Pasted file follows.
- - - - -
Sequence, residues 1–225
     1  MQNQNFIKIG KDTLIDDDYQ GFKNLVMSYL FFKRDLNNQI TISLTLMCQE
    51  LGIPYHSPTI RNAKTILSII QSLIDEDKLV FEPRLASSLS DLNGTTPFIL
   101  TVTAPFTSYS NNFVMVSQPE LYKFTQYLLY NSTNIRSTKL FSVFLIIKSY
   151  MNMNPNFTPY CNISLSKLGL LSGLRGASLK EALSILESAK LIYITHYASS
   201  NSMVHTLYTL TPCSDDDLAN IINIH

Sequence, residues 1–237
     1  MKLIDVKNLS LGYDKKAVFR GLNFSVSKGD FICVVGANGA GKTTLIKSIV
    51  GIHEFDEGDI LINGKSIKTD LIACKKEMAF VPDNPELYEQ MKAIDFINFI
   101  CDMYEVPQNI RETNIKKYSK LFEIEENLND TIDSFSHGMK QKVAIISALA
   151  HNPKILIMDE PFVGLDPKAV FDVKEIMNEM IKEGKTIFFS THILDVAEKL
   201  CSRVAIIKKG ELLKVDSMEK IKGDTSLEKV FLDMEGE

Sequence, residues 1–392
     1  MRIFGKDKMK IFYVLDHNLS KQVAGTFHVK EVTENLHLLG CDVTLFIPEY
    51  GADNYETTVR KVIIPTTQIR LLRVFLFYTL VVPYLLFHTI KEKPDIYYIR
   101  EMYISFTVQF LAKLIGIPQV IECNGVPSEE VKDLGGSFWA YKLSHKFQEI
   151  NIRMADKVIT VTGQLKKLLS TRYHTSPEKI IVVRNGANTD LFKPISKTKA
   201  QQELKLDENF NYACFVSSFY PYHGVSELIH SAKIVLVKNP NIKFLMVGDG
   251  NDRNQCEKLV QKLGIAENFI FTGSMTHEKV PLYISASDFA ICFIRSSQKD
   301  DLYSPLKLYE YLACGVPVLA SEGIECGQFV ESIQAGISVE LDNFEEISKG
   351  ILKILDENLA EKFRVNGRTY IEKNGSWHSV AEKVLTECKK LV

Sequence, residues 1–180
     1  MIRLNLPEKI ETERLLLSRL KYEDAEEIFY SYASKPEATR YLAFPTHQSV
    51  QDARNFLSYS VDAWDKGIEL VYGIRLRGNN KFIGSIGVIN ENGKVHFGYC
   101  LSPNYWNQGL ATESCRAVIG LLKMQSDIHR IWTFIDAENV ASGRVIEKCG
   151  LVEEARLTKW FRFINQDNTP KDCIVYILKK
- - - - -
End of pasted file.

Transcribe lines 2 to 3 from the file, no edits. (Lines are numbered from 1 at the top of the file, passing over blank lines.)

     1  MQNQNFIKIG KDTLIDDDYQ GFKNLVMSYL FFKRDLNNQI TISLTLMCQE
    51  LGIPYHSPTI RNAKTILSII QSLIDEDKLV FEPRLASSLS DLNGTTPFIL